Comment: Without federal government, the outlook for air transport in B.C. is bleak

The travel lockdown we are experiencing due to COVID-19 has been devastating. British Columbia’s air service was down more than 93 per cent in April and May 2020, and by 75 to 85 per cent since then. The sector could take years to recover.

This doesn’t only affect the airports, airlines and travellers; communities and residents are affected as well. British Columbia’s airports are home to 172 air operators, 42 flying schools and more than 100 highly active aerospace organizations that support local businesses and employment. Regional airports such as Victoria International Airport create opportunities for high-value tourism and trade. International hubs like Vancouver connect British Columbia to the world. Air service is a lifeline for remote and Indigenous communities.

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Regional service boosts the whole system, allowing airlines to fly to more destinations. Passenger revenues also help fund essential services such as medevac and firefighting. But today, those revenues are no longer there to support these services.

Other than rent relief to the end of 2020 for Victoria International Airport as well as Vancouver International and Prince George Airport, our airports have received no direct assistance from Ottawa, even as U.S. airports have received $10 billion in grants — with potentially more on the way.

In fairness, some federal initiatives have helped. Programs like the Canada Emergency Wage Subsidy (CEWS), have helped to reduce layoffs and allowed some airports to continue to serve their communities. However, the 57 municipally owned airports in British Columbia are not permitted to apply for CEWS or any other federal relief program.

To make matters worse for these municipalities, the cost of supporting their airports, already high, has become prohibitive. The protracted loss of revenues has made the spectre of airport decommissioning — as already being examined for the airport in Golden — far more likely.

Canada’s airports are generally funded by users, not taxpayers, and until now, it’s worked. Our sector has largely operated without subsidies since being privatized in the 1990s.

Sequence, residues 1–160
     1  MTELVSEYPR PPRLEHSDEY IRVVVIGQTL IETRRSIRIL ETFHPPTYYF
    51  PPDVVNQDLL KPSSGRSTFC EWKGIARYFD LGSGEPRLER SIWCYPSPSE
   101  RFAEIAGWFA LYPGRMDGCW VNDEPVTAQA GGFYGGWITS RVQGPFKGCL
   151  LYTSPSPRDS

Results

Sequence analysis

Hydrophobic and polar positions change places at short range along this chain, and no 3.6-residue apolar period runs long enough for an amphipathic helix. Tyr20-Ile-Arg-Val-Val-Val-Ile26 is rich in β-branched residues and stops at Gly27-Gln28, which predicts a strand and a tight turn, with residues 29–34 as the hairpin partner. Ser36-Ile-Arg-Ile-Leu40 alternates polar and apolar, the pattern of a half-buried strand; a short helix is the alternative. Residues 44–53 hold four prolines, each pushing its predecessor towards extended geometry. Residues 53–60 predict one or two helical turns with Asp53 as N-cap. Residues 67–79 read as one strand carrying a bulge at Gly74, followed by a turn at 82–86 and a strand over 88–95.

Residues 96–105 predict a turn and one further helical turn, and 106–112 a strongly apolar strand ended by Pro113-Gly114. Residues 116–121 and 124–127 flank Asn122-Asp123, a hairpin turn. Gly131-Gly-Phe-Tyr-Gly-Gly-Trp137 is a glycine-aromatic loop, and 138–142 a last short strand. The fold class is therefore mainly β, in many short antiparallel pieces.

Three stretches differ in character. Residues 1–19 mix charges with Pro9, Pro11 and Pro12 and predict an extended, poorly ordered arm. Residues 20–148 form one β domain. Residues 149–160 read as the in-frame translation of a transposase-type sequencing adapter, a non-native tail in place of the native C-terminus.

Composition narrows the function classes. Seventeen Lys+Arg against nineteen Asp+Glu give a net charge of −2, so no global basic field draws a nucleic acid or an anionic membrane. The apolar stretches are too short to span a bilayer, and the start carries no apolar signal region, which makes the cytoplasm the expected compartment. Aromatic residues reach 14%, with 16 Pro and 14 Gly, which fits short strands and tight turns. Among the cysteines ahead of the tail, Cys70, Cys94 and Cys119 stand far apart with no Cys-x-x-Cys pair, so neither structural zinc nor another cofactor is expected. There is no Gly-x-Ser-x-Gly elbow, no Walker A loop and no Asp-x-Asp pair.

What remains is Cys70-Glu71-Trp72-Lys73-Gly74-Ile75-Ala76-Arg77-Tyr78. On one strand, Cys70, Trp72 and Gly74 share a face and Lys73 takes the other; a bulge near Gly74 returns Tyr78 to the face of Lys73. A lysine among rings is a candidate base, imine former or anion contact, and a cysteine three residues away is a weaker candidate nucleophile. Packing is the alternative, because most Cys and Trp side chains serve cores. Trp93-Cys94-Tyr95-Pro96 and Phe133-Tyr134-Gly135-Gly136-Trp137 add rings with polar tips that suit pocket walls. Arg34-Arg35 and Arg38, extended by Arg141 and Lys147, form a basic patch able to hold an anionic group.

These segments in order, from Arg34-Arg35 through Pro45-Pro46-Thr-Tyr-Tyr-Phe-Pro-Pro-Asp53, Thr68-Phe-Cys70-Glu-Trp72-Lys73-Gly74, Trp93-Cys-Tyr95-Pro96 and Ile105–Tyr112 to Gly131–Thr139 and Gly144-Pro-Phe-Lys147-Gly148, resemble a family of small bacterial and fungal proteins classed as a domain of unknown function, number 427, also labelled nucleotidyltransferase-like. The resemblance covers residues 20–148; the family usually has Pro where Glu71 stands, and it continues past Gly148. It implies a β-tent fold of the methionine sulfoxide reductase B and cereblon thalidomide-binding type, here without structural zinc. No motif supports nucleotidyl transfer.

Our largest airports, including Victoria International, even delivered a financial return to government, including about $6.5 billion in rent. But that system is breaking down. Until now, user fees have funded passengers’ services and capital improvements. But in the absence of government funding to make up the shortfall, airports have little choice but to raise rates to repay debt and interest incurred because of COVID-19 related income losses.

The cure may be worse than the disease in some markets, as these sharp rate increases will depress demand, and harm airports’ ability to regain commercial service.

Aviation is by nature a very capital-intensive industry. In markets with low traffic volumes — fewer than one million passengers — it has always been a challenge to generate enough revenue to cover the cost of operations and ongoing infrastructure maintenance. With the additional impact of COVID-19, the model is not sustainable without interim government support.

None of this has stopped airports from doing their job. Even as passenger numbers and revenues have tumbled, airports implemented enhanced safety and cleaning measures and continued to stay fully operational to serve their travellers and communities. But, they have had no choice but to reduce costs in other areas: delaying or cancelling infrastructure projects, laying off staff and reducing services.

To assist airports, maintain the integrity of the system and support the wellbeing of our communities, the government of Canada must take the following actions:

• Extend airport rent relief until revenues return to pre-COVID levels.

• Provide interest-free long-term loans, particularly to smaller airports that do not pay rent.

• Allow municipally owed airports to access CEWS and other federal relief programs.

These actions are simple to implement, temporary, reasonable and essential. Since the onset of COVID-19, both the B.C. Aviation Council and the Canadian Airports Council have been in discussion with federal and provincial governments to move the dial and get the support our airports and communities need to survive.

The work, and our commitment to our members and airport communities, persists.

Dave Frank is the executive director of the B.C. Aviation Council and Daniel-Robert Gooch is president of the Canadian Airports Council.

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